FCC Commissioner Robert McDowell is all for promoting diverse license ownership of FCC regulated assets – but he wants to make sure that regulatory devices to achieve greater diversity will hold up in court. He also warned that some other proposals, such as certain requirements aimed at bolstering localism, could do more harm than good.
McDowell made his remarks before the Rainbow PUSH Coalition and Citizenship Education Fund Media & Telecommunications Symposium.
“As I work on these issues, I tend to follow two general tenets,” said McDowell. “First, I am interested in exploring options for fostering minority ownership that are legally sustainable. Second, with respect to specific proposals for new regulation, I take a ‘first do no harm’ approach. I am mindful that new rules – however well intentioned – may carry unintended consequences that operate in the real world to thwart the ability of small businesses, including those owned by minorities, from entering markets or from succeeding after they’ve launched.”
He said that Adarand v. Pena, a 1995 Supreme Court case, “sets a very high legal hurdle that any race-conscious laws and rules must clear in order to survive, whether they are in the context of broadcasting, auction bidding credits, or other ownership constructs.”
He was critical of some of the measures designed to promote localism, but which in practice would be morel likely to harm broadcast service. He mentioned specifically reinstating the requirement that stations be staffed 24/7, pointing out that in real-life all the requirement would do is force stations to sign off over night.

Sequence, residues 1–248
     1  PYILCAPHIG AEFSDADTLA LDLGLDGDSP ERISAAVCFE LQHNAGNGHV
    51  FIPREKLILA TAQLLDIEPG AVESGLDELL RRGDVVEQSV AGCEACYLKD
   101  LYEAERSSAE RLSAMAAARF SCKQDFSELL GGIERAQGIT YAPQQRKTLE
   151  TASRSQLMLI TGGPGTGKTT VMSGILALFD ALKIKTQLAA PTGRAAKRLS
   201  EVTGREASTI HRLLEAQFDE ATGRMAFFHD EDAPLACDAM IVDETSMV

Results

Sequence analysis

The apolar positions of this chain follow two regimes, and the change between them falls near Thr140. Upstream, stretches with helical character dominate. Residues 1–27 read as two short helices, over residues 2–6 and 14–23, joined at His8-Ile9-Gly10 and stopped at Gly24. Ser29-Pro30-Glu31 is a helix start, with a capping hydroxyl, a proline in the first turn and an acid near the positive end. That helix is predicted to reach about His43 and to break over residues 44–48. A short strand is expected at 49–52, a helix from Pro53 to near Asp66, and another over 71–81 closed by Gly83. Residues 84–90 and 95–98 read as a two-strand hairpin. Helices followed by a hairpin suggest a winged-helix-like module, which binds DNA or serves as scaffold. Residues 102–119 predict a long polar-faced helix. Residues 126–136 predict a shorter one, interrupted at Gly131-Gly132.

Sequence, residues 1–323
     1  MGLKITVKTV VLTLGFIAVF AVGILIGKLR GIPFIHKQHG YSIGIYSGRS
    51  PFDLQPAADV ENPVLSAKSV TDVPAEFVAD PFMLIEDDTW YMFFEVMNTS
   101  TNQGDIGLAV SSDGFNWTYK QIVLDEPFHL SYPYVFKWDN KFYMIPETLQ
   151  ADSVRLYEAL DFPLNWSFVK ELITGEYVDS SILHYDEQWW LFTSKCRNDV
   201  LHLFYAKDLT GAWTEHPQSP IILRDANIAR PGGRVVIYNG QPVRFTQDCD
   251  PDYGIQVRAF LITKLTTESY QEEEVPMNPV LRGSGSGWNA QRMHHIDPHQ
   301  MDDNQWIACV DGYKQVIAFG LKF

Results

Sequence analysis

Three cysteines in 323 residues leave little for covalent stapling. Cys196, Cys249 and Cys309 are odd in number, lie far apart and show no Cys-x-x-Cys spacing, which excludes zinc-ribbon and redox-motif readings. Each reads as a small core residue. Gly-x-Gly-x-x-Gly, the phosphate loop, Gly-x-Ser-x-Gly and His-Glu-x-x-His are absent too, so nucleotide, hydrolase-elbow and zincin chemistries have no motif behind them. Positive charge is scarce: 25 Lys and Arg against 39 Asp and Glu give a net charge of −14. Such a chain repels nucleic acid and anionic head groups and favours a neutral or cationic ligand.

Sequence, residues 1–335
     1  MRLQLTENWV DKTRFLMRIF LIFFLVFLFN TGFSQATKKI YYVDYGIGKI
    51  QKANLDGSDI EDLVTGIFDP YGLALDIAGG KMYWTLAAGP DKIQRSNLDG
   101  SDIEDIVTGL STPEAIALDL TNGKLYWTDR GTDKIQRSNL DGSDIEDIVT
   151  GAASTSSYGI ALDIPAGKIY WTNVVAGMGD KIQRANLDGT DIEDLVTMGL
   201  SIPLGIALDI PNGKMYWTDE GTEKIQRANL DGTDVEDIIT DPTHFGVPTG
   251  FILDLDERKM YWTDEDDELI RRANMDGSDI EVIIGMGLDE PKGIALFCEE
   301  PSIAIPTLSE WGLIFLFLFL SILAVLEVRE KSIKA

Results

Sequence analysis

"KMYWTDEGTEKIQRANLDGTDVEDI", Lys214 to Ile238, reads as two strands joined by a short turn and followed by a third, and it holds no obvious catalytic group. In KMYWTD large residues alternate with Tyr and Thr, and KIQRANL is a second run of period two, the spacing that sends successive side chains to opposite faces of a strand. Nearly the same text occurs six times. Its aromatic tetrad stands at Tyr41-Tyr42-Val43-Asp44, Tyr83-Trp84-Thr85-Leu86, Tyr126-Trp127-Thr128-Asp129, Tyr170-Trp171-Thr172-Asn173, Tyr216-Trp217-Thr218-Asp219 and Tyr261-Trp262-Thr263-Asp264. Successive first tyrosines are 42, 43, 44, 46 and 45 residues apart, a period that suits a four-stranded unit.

He also said that when it comes to promoting ownership diversity, the operative color is green, and said he was completely supportive of any steps that help improve access to capital for all small entrepreneurs who are looking to enter the communications field.
RBR-TVBR observation: The words “arbitrary and capricious” must be etched on the FCC’s collective eardrums by now. It seems exceedingly difficult to find the combination of words and statistical underpinnings that will get past the judges.
McDowell is correct – and we believe the other commissioners agree – that any actions taken by the FCC that are just going to get skewered the instant they are challenged will only prolong the search for a workable program.
He is also correct that it would be a very bad idea to set up a whole menu of new – and old — requirements placed on broadcast licensees that will threaten the economic viability of the stations, particularly those of new operators whose entry into the business is what we’re trying to encourage.